A **metric** is thus defined as a function $M = Metric(T,\ P)$ that evaluates a pair of “target” (ground truth) and “predicted” items (e.g. object localization, patient diagnostic class…). Most metrics will produce outputs either in the $\left\lbrack 0,\ 1 \right\rbrack$ or the $\lbrack - 1,\ 1\rbrack$ range, but there are exceptions (such as distance-based metrics, which are typically in $\lbrack 0,\ \infty\lbrack$ ). The **aggregation process**, on the other hand, describes how the set of metric values $\{ M_{i}\}$ at a given level is reduced to a single score $S$ at a higher level (see Figure 4.2).

With these definitions in mind, we can now turn our attention to the three main “task types” that we previously identified in Chapter 1, as well as their combinations.

In a **detection** task, there will typically be an **object-level** annotation. To evaluate such a task, the first step is therefore to find the **matching pairs** $(T_{i},\ P_{j})$ of objects in the images. The matching criteria are therefore an important factor in the evaluation process. They typically involve a **matching threshold**, for instance based on the centroid distance or the surface overlap. Once the matching pairs of objects have been found, there are two separate aspects of the results that can be evaluated. First, a **partial** **confusion matrix** can be built:

$\begin{pmatrix} \text{N.A.} & FP = \left| \{ P_{i} \notin M\} \right| \\ FN = \left| {\{ T}_{i} \notin M\} \right| & TP = \left| \{ T_{i} \in M\} \right| \\ \end{pmatrix}$

With TP the “True Positives” (number of matching pairs), FN the “False Negatives” (number of un-matched ground truth objects), FP the “False Positives” (number of un-matched predicted objects), $M = \left\{ \text{Matches}\left( T_{k},P_{l} \right) \right\}$ and $| \cdot |$ is the cardinality of a set. It should be noted that, at the object-level, there are no countable “True Negatives,” which will limit the available metrics for evaluating the detection score [38].

The other possible aspect of the evaluation is the **quality of the matches**. This can take different forms depending on what exactly the target output was: bounding box overlap, centroid distance, etc.

In a **classification task**, the annotation could be at the object level (instance classification), at the pixel level (semantic segmentation), at both levels (instance segmentation and classification), or at any of the “higher” levels in Figure 4.1: patch, WSI, or even patient. The latter cases correspond to “pure” classification tasks, whereas the others are combining classification with detection and/or segmentation. The classification part of the problem can typically be summed up with a **confusion matrix**, built from pairs of ${(T}_{i},\ P_{i})$ where $T_{i} \in \lbrack 1,\ m\rbrack$ and $m$ is the number of classes in the problem, and $P_{i} = argmax_{c}(\pi_{\text{ic}})$ with $\pi_{\text{ic}}$ a vector of $m$ class probabilities so that $\sum_{c}^{}{\pi_{\text{ic}} = 1}$. The confusion matrix will therefore be a $m \times m$ matrix with $CM_{\text{jk}} = |\left\{ \left( T_{i},P_{i} \right)\ \right|\ T_{i} = j,\ P_{i} = k\}|$.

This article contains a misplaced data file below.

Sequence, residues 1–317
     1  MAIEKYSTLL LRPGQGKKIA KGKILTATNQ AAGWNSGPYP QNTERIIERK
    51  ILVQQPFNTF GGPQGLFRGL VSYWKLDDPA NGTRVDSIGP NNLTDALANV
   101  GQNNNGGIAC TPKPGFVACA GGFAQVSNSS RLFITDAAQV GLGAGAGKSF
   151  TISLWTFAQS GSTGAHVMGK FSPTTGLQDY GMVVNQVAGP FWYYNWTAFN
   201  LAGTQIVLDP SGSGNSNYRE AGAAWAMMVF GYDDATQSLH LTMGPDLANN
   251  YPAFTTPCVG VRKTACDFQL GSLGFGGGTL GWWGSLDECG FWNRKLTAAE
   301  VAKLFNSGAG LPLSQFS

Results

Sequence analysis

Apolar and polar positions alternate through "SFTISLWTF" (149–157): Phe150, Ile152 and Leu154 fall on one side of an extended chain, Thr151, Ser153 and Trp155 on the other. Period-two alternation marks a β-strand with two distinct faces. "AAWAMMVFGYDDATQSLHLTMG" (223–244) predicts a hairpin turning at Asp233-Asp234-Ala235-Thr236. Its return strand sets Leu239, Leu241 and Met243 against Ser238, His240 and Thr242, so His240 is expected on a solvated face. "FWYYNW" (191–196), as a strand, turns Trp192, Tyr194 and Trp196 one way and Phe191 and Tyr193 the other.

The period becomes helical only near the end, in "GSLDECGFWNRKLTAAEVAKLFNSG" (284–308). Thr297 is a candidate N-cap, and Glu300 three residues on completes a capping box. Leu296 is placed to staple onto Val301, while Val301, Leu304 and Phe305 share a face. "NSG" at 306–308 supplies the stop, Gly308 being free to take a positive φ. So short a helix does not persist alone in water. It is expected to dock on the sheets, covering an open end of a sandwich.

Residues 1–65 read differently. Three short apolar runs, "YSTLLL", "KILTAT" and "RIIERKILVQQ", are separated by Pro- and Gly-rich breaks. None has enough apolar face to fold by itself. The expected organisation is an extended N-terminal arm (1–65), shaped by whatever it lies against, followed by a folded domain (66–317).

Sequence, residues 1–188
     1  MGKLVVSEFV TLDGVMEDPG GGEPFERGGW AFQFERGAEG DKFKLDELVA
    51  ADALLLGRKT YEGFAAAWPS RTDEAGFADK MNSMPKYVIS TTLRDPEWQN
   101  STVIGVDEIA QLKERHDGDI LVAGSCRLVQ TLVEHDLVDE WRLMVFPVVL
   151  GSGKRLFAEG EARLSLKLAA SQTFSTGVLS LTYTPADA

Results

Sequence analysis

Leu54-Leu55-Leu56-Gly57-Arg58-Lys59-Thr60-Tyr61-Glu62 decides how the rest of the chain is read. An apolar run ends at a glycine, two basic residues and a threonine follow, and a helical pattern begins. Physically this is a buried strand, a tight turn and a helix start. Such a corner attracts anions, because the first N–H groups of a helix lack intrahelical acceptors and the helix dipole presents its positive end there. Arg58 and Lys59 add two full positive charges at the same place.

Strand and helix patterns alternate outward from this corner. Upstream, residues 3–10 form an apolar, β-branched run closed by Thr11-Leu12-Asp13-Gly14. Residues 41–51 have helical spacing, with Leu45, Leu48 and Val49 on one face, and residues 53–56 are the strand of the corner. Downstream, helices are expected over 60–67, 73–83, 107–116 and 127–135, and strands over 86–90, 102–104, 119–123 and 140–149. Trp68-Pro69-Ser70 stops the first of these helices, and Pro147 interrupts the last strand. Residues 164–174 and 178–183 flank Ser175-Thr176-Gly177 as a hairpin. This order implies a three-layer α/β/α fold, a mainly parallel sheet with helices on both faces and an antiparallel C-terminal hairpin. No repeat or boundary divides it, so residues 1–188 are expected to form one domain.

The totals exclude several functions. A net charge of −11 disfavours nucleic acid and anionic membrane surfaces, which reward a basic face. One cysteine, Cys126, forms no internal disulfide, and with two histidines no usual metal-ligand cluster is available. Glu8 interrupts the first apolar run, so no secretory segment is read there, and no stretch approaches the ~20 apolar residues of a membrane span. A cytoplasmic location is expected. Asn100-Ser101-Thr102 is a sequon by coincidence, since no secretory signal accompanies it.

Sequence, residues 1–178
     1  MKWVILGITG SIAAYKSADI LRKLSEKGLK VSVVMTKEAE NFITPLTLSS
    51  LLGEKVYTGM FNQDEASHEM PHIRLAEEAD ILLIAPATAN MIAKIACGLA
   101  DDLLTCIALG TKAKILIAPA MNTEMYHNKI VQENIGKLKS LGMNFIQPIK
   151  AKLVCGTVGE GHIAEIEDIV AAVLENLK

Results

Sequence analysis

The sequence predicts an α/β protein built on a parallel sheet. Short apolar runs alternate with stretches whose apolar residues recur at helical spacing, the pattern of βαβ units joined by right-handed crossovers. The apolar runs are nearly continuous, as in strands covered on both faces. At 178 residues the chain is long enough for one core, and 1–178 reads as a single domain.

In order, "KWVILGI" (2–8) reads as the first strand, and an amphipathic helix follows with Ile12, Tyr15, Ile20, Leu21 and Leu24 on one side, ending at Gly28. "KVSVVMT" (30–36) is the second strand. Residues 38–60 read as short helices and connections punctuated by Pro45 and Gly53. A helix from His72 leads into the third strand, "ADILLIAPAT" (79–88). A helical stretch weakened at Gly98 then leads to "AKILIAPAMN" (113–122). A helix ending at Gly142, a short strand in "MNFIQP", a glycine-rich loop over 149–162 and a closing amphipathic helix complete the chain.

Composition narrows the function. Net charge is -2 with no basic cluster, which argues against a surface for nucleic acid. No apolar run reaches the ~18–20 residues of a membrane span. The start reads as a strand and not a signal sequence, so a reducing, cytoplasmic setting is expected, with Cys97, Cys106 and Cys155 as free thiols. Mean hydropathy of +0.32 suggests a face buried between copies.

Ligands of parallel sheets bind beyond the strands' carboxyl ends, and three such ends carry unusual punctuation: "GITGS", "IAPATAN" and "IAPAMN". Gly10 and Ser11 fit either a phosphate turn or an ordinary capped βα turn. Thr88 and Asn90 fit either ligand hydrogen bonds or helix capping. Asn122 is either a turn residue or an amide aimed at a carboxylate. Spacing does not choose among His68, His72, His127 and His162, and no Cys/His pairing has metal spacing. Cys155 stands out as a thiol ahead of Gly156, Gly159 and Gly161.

The distinction between “classification” tasks and “detection” tasks can sometimes be difficult to make. In many digital pathology applications, there will be one “meaningful” class (for instance: nuclei, tumour, etc.), and a “no class” category that includes “all the rest.” In those cases, there will be clear “positive” and “negative” categories, and the confusion matrix will include the TP, FP, FN (and, in this case, countable TNs) of the detection tasks. As we will see further in this chapter, this can be a source of confusion in the definition of the metrics, as some metrics, such as the F1-Score, take a different form if a single “positive” class is considered (as in a detection task) or if two or more classes are considered on equal grounds.

The combination of “detection” and “classification” is **instance classification**, which can also be seen as **multi-class detection**. In such problems, the results can be described in a confusion matrix that includes multiple classes *and* a background or no-instance category. The confusion matrix for an m-class problem would therefore look like:

$\begin{pmatrix} \text{N.A.} & CM_{01} & \ldots & CM_{0m} \\ CM_{10} & CM_{11} & \ldots & CM_{1m} \\ \vdots & \vdots & \ddots & \vdots \\ CM_{m0} & \ldots & \ldots & CM_{\text{mm}} \\ \end{pmatrix}$

Where the first line corresponds to falsely positive detections (i.e. detections for any of the classes that correspond to no ground truth object) and the first column to falsely negative detections (i.e. ground truth objects that have no predictions). As in the previously described detection confusion matrix, the top-left corner is uncountable and corresponds to the true negative detections.